Prior to arriving at a big, diverse technology tradeshow like InfoComm, common sense dictates that you have a plan for what you want to see. Otherwise, you risk leaving with the regret that you didn’t make adequate time for everything. Personally, I usually formulate a plan in advance, make appointments and then, about 15 minutes after arriving, abandon the plan and end up wandering around, bumping into people and things like an untethered molecule. It’s good to be spontaneous, right?
However, this year will be different! I have a plan and I will stick to it (haha) because in addition to the exhibits, I’m leading a learning session and taking part in a disruptive technology panel. Stay tuned for my show recap in a few weeks to see how well I did.
Josh W’s InfoComm Agenda
Staging-friendly direct laser projection is the technology to examine closely. With new models from Panasonic (RQ-50k) and Christie (D4K40-RGB) amongst others, projection technology shows no signs of slowing down or surrendering to the challenge of LED displays. I’ll also be checking out whatever high-frame rate projectors are on the show floor as they are significant for development of realistic tracking applications.
LED Video Display
With chip-on-board (COB) or other “protected” chip approaches for super-high-resolution tiles taking an absolutely tortuous path to the market, I’ll be looking for further development of micro-LED technologies beyond what we’ve seen recently from Sony and Samsung. COB appeared to be a promising method for increasing reliability and image quality in the super-high resolution tiles, and perhaps it will be, but in the meantime, struggles with reflectivity while repair and discoloration continue to be a concern. Perhaps micro-LED will lead us to a happy place where modular super-high resolution tiles can be deployed safely for live event work.
I’ll also be checking out progress on the LED video processor side of things to see if the reality of what is exhibited matches the hype of recent announcements regarding 4K and HDR capability.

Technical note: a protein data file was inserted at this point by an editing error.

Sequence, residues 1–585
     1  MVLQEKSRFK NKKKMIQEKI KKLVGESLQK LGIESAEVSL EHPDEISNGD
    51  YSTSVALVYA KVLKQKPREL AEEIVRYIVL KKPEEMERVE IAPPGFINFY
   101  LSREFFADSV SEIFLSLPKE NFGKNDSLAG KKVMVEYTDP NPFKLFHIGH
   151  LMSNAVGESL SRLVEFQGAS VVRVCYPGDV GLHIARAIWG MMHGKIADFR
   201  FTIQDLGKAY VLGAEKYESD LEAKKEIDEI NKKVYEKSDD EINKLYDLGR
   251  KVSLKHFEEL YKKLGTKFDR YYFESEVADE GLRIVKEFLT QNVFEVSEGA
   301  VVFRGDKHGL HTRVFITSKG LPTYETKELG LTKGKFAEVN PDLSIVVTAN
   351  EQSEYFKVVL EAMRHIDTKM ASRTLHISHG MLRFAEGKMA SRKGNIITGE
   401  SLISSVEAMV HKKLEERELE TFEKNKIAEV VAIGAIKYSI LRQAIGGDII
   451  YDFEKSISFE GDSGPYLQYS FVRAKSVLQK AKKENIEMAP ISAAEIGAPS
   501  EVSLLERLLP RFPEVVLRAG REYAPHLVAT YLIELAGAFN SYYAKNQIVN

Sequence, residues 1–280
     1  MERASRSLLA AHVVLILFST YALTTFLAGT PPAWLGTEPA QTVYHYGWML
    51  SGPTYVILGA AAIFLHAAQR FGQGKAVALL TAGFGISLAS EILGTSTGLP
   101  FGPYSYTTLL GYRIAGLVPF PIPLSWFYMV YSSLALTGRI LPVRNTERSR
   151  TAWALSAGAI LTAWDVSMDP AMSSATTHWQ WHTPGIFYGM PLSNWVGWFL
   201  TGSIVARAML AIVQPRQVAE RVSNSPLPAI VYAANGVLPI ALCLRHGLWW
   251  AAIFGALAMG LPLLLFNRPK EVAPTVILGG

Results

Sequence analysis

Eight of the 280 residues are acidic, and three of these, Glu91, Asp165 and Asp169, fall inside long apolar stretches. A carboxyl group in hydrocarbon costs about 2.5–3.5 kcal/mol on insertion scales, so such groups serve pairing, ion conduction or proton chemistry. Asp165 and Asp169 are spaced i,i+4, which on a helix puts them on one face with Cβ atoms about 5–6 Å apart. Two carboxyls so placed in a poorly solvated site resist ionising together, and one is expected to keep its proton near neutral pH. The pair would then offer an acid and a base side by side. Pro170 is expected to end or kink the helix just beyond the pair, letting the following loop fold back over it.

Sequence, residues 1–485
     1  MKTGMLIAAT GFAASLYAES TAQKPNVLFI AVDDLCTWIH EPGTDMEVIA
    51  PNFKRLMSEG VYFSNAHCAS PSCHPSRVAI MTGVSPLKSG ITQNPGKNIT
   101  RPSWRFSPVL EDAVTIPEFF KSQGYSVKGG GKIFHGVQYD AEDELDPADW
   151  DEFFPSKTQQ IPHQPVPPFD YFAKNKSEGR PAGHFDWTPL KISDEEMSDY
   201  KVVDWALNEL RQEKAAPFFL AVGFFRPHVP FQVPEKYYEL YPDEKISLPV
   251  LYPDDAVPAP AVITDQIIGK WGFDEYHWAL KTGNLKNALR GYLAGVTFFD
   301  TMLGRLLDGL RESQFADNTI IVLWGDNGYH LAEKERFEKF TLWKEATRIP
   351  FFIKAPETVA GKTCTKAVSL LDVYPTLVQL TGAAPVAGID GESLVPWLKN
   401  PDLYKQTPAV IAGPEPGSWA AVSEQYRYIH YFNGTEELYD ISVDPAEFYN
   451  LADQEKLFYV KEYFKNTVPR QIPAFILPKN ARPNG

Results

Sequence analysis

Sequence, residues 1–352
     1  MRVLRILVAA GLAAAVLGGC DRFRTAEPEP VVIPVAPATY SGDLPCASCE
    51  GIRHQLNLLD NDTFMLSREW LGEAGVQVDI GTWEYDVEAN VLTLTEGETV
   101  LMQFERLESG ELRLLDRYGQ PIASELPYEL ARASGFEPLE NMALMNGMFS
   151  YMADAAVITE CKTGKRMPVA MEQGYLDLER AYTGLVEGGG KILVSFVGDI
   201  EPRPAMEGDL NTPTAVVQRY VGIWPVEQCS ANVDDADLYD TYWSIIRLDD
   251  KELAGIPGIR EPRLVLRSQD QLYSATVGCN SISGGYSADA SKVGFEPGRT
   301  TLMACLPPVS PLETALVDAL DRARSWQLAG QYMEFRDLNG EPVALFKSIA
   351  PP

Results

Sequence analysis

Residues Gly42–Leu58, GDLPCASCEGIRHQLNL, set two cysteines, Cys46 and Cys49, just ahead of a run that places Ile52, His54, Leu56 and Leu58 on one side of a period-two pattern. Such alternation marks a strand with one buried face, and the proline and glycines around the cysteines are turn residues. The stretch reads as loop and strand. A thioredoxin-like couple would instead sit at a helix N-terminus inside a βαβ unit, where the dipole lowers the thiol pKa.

Video Over Ethernet
After going down the road with audio transmission (DANTE, AVB, etc.) and lighting control (ACN, RDM, etc.), video transmission is now beginning a transition to IP-based schemes, and this is a big deal. Like audio, video connection methods have traditionally been point-to-point (e.g. HDMI output from one device to HDMI input on another). With SDVoE and other protocols becoming commercially available and a few network gear companies jumping on board, I will be spending considerable time looking at the offerings from an ever-expanding group of manufacturers.
Checking out the latest media server hardware and software will probably take half a day because there’s much to explore in this area. I expect to see new gear and versions from disguise, Dataton, and numerous others. I’ll be on the look-out for advances in object tracking and automatic calibration as well as any improvements in pre-visualization. I’m also interested in seeing what physical configurations are coming to market and at what price.
At InfoComm, there are a multitude of exhibitors that offer AV system nuts and bolts, such as scalers, touchscreens, switchers, screens, mounting equipment, pipe/drape, even control room furniture, and, of course, about 100 different road case manufacturers. This is where good planning and preparation really pay off so you don’t get sucked into the vortex and spend excess time looking at a really neat monitor mount. I’ll try to confine my explorations to multi-format switchers, particularly if they are adaptable to SDVoE, and will also focus on fiber optic hardware and 4K cameras.
Throughout a 40-year career in the entertainment technology business, Josh Weisberg has experienced each of the evolutionary leaps in sound, video, and lighting technology from a seat in the front row. Combining a rare level of business management and technical engineering acumen, Weisberg has a keen understanding of the mechanics of running a technology business as well as the engineering and design chops clients rely on for all types of projects. Currently working as a technology and business consultant (having stepped down from the leadership role at Scharff Weisberg and WorldStage in 2017), Weisberg utilizes his expertise in large-screen display design as well as other event technologies for clients in the event, arts, theater, and spectacle sectors.